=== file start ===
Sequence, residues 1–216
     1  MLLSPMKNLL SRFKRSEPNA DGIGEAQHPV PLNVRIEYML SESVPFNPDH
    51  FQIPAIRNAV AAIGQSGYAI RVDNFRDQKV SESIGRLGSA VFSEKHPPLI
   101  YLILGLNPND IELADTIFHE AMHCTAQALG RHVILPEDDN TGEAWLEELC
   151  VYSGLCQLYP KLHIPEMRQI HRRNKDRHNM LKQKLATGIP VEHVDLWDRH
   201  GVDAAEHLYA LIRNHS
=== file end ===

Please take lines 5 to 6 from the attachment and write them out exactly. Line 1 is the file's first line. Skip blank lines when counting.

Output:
   151  VYSGLCQLYP KLHIPEMRQI HRRNKDRHNM LKQKLATGIP VEHVDLWDRH
   201  GVDAAEHLYA LIRNHS